"In general, we will stage different scenarios and they will get a chance to respond based on what they learned," he said. "We will do different ones in different parts of the building so everyone will get a chance to respond appropriately."


SOCSD did not make any teachers at SHS, Sudduth or Henderson Ward Stewart available for an interview with The Dispatch.



Legally mandated simulations


Missouri, Arkansas and Illinois all passed laws requiring schools to conduct active shooter drills in 2013, in light of the Sandy Hook Elementary School shooting in Connecticut. New Jersey, Oklahoma and Tennessee later did the same.


Mississippi joined the group this year after Gov. Phil Bryant asked the Legislature "to pass a comprehensive plan to keep our school children safe" in his State of the State address in January.


The law also requires mental health training or professional development for school district employees every two years, training and certification of threat assessment officers through the state Office of Homeland Security and for those officers to conduct yearly threat assessments for every school in the state.


The bill passed both chambers of the Legislature almost unanimously, and all five legislators representing Oktibbeha County voted for it.


Dist. 38 State Rep. Cheikh Taylor (D-Starkville), though, still has issues with the law.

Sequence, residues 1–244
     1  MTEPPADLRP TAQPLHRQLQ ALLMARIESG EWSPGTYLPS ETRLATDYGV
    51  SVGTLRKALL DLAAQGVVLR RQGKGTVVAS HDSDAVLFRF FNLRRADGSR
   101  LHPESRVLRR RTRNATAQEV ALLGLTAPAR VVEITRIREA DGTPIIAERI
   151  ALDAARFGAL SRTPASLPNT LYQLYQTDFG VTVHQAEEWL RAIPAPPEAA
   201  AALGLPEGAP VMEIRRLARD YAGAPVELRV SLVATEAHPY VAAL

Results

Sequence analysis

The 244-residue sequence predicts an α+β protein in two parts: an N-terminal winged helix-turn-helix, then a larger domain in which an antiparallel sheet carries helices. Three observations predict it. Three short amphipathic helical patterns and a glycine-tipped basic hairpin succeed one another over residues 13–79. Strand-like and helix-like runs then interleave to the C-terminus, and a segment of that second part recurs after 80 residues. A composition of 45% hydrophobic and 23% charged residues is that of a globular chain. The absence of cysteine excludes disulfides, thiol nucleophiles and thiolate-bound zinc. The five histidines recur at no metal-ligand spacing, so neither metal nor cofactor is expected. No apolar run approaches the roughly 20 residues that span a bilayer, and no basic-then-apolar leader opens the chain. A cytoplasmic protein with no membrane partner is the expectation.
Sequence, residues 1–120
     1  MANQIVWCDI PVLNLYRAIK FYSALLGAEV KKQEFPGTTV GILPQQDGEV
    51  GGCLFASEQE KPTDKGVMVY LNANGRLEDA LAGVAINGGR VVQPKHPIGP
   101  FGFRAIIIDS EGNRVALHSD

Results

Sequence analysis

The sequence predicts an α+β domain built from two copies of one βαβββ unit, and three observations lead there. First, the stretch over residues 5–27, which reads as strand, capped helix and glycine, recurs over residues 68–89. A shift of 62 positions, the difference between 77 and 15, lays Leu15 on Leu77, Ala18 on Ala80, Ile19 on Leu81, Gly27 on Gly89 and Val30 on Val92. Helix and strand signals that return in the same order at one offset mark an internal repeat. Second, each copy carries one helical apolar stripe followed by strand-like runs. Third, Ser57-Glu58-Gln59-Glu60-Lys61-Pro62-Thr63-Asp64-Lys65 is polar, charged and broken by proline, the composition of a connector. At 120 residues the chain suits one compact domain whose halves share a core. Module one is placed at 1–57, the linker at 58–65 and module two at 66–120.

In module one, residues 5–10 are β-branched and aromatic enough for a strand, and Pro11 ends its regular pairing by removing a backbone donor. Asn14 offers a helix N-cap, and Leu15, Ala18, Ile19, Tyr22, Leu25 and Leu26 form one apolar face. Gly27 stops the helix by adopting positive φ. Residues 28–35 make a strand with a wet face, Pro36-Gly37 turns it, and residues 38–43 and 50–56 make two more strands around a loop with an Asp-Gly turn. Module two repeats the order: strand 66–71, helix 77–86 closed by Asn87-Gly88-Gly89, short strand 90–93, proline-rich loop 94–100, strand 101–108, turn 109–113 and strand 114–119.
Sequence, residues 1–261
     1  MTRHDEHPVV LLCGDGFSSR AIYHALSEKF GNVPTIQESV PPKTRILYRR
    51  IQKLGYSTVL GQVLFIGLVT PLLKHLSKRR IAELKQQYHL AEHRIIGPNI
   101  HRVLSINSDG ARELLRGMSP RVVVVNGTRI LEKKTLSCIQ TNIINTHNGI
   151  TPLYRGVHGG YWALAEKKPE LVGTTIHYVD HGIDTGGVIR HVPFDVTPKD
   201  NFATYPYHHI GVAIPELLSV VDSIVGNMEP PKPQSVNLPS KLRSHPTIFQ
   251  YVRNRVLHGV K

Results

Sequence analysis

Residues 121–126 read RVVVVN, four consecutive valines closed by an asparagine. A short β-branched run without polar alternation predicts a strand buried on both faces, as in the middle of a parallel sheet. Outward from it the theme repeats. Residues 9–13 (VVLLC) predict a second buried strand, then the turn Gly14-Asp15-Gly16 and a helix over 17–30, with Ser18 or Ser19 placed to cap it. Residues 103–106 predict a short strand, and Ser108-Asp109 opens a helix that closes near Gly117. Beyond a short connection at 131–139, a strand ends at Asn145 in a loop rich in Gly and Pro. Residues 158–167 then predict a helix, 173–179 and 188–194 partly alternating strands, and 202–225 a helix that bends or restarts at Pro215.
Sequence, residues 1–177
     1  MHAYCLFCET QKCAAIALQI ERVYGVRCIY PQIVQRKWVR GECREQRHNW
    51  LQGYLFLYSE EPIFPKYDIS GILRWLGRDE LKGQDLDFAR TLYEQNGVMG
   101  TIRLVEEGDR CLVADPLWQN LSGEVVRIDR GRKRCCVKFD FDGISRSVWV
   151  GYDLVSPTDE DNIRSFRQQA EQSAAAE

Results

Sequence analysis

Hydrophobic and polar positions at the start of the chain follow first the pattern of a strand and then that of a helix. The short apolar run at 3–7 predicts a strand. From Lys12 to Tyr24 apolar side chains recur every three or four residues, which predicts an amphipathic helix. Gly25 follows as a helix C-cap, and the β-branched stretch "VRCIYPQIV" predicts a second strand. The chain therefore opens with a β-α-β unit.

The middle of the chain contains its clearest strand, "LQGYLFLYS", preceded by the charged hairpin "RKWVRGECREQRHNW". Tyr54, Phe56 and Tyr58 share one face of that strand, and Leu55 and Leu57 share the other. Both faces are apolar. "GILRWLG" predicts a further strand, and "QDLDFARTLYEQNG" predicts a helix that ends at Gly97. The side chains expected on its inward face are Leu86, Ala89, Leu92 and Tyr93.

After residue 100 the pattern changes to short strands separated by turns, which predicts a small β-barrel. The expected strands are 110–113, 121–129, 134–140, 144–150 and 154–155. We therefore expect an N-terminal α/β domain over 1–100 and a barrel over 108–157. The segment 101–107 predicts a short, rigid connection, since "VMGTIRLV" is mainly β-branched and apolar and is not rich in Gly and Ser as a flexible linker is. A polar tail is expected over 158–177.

Active shooter drills are "reactionary" and "an unfortunate set of circumstances hiding a bigger problem," he said, which is the availability of assault weapons.


"We have twisted and kind of perverted the Second Amendment," he said. "We have been able to commercialize a new weapon of choice that kills as many people as possible within seconds."


Shumaker said the simulation did not involve fake blood or injuries, which other schools and districts across the country sometimes use in their drills. National news outlets including NBC and The New York Times have reported that active shooter drills of all kinds can be traumatic for students, especially since they are far more common than actual school shootings.


They can also leave teachers feeling "more traumatized than trained," and school security consultants and psychologists say intense drills like the one at SHS aren't necessary, school-centric news website Education Week reported in March.


But putting teachers through a stressful situation during the drill is necessary so they will know how to process and react to it in a real-life scenario, said Dist. 43 Rep. Rob Roberson (R-Starkville), who is also the attorney for the Oktibbeha County Board of Supervisors.